Explore an Inflatable World and Watch Sci-Fi Films For Free at Brno Observatory
From July 6th-12th, a unique ‘Terralóna’, an inflatable realistic Earth, will be open for explorers at Brno Observatory. The Observatory will also be screening free sci-fi movies, in their original versions with Czech subtitles.Photo credit: Petr Ryp / Hvězdárna a planetárium Brno.
Brno, Jun 29 (BD) – With ‘From Earth to the Moon’, the Brno Observatory and Planetarium invites visitors to come and see their ‘Terralóna’: a realistic Earth that will be inflated every day in the week beginning July 6th, from 4pm until midnight, weather permitting. In addition to their inflatable earth, the observatory will also show daily sci-fi movies and offer daily digital projections in the planetarium, exploring the universe.
The ‘Terralóna’, returning after its success last year, was designed by creative group Visualove. The structure has a diameter of 10 meters and is a photorealistic rendering of our Earth. With the real Earth having a diameter of a little less than 13,000km, the Mount Everest on the Terralóna would reach a height of 7mm. The International Space Station, which in reality orbits at an altitude of 400km, would hover at a height of 30cm above the Terralóna, and the moon would be about 4m away. The sun, in Terralóna proportions, would have a diameter of 1km and be about 120km away from the miniature planet – about as far as Ostrava.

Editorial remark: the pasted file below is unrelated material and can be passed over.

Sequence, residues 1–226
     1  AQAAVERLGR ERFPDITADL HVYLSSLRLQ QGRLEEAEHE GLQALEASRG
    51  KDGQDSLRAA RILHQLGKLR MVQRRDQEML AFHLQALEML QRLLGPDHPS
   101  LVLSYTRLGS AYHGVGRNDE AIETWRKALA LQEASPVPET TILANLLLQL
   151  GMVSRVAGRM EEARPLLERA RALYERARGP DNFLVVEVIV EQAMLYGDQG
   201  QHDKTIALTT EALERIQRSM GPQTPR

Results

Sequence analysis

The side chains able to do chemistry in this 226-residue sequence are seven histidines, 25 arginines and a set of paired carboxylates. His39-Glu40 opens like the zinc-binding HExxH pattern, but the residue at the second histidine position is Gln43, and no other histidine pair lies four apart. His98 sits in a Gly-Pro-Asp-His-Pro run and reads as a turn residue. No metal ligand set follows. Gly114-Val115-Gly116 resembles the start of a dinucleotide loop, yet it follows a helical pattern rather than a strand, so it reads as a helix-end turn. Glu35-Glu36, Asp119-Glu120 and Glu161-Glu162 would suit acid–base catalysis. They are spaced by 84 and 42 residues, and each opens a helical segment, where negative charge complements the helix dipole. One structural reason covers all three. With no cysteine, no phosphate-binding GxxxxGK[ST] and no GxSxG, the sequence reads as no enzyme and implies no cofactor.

The Terralóna is available for viewing every day in the week of July 6th, weather permitting, from 4pm until 12pm, with the viewing complemented by relaxing music.
Sci-Fi Summer Cinema
In the same week, enthusiasts will also be able to watch top science fiction films for free, such as Star Trek: Into Darkness, Gravity, and Mad Max: Fury Road. All films will be shown in original versions with Czech subtitles.
Viewers should bring their own refreshments and a blanket to sit on, as they will be watching the films from the floor.
Digital Planetarium: Explore the Universe
In the Brno Digital Planetarium, a series of special projectors and dozens of computers can conjure a surprisingly faithful model of the universe on a 17m diameter projection screen. For the week from July 6th, both the classic 2D mode and the ‘stereoscopic’ 3D modes will be screened in the planetarium. At other times the planetarium also screens 4D projections.